If he wanted to retreat in any way from this work why did he quote from it in the first sentence of the first chapter of his most famous work, Capital Volume 1, the first of a number of references, and defend ‘The Preface’ in a footnote within the same chapter?

It is all the more necessary to appreciate the particular importance of ‘The Preface’ because it has been noted that, unlike the usual role of a preface, which sets out the purpose and scope of the rest of a book, this preface was part autobiographical sketch and part summary of views that were not the subject of the rest of the book.  He obviously felt it important to set out this summary of his views and identify himself closely with it.

So, let’s go through the relevant section above to see what it implies for Marx’s view about the alternative to capitalism and how such things as productive forces and productive relations are fundamental to it.

Back to part 14

Forward to part 16

Karl Marx’s alternative to capitalism – part 14

The socialist society envisaged by Karl Marx can only be built on the achievements of capitalism and what has been called its civilising mission.  This progress rests on an enormously increased productivity of labour, which has reached such a level that the productive forces of society now realistically promise a society that more and more meets the needs of all its members, with inequality and insecurity vastly reduced and material poverty eliminated.

Within capitalism, progress inevitably involves increased exploitation since exploitation of labour is how this society increases productivity.  But progress there has undoubtedly been and without it socialism would not be possible.

Capitalism has created this possibility but capitalism now stands in its way.

When I first became interested in socialist politics in the mid-seventies I used to visit the Communist Party bookshop on High Street in Glasgow.  I remember picking up a CP pamphlet extolling the virtues of the ‘socialist’ countries of Eastern Europe and the USSR.  It set out the daily calorific intake of the average citizen in a number of these countries with East Germany the top performer.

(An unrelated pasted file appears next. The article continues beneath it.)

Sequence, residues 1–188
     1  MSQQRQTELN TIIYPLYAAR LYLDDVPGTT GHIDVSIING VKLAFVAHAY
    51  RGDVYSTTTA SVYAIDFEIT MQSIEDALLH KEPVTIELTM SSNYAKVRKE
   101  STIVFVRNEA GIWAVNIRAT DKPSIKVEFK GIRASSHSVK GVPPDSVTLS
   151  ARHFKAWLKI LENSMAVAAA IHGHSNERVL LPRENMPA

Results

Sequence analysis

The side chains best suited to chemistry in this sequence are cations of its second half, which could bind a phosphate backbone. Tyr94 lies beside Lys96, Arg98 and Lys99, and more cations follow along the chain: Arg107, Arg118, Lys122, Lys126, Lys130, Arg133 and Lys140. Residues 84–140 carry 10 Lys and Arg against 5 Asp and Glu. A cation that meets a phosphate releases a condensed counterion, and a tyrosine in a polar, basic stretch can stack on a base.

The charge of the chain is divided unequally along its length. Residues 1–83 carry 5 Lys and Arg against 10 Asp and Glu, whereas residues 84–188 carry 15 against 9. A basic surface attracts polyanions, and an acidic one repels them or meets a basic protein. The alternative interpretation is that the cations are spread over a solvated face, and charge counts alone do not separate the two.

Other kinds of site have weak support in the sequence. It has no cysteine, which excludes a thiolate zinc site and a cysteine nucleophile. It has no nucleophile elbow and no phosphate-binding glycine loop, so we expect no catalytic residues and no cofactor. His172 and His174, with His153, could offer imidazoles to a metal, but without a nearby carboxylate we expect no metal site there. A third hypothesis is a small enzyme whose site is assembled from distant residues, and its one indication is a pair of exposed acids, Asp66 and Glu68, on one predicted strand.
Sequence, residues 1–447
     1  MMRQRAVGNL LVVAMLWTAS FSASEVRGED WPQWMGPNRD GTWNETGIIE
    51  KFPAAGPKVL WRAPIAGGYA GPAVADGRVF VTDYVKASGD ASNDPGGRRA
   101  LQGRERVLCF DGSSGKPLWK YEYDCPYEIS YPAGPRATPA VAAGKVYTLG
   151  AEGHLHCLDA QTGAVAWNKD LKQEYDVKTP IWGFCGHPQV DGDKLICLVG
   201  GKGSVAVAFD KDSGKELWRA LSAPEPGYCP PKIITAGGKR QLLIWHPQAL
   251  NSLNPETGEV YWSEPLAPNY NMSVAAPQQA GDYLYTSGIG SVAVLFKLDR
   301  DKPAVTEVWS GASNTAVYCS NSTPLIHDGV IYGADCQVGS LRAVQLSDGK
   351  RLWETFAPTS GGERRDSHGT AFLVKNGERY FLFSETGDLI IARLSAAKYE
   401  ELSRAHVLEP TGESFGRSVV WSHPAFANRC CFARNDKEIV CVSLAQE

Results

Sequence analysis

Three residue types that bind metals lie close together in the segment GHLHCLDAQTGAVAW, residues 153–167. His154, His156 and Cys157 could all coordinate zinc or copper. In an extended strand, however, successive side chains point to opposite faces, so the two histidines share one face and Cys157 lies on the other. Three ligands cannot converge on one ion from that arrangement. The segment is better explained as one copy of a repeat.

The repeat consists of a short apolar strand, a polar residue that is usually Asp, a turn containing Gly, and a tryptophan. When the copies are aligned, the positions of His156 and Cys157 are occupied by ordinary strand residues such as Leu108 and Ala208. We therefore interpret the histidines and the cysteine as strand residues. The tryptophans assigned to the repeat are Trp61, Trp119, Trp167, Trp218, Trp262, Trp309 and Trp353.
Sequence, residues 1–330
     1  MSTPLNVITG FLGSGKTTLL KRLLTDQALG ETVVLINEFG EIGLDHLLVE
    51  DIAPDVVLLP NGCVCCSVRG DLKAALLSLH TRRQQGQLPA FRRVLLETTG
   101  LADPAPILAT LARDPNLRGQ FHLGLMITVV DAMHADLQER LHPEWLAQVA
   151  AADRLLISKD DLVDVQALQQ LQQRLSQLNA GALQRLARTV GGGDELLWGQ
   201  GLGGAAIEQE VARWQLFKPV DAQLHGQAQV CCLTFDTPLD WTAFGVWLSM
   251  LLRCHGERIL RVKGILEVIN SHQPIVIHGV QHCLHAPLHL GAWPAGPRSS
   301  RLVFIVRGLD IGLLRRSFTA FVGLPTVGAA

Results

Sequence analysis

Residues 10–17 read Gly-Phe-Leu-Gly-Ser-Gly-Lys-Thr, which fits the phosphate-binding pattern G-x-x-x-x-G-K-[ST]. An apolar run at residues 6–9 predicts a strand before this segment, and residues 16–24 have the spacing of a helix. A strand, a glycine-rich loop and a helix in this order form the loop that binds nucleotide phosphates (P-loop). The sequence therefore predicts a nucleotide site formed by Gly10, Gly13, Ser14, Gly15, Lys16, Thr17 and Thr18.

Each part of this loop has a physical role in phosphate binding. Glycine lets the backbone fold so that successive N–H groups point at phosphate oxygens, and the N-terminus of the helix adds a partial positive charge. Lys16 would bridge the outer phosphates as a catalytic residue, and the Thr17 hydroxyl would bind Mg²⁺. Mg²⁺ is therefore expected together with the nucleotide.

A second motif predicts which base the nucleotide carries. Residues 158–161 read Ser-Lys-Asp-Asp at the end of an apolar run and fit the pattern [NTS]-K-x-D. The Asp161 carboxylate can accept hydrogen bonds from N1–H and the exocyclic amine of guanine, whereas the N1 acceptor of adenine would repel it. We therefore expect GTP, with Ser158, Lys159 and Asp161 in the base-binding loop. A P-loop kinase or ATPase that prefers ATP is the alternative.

Even at the time this jarred and seemed somewhat disappointing.  I was by no means rich.  I lived in a tenement with an outside toilet and shared a bedroom with my sister, while my mother slept in the living room.  But I never once thought that I was going to suffer from a lack of calories; in fact I barely thought about food and was too busy running around to worry about it.

Now of course, in the space of less than a lifetime, a problem in the most developed capitalist societies is not a lack of calories for the average working class person, which I knew from my Scottish granny had been a problem in the past, but too many calories!

Reading some material on inequality and its effects, as argued in the book ‘The Spirit Level’, I came across some quotes that illustrated how very different the problem is now.  Now the stereotypical poor person is overweight or obese, or rather the latter are nearly always working class or poor, while the equivalent rich person is slim and healthy.  The capitalist food and drink industry specialises in feeding fatburgers and sugar-filled drinks to the poor while offering exotic sounding pulses, vegetables and bottled water in delicatessens for the discerning middle class.

I exaggerate of course; this is a distorted caricature albeit with a grain of truth, but the most important truth is that in many countries, for the vast majority of the population, an adequate food supply is not a problem.  Problems with its supply lie elsewhere, including in the exploitation of the humanity and nature that ensures its production.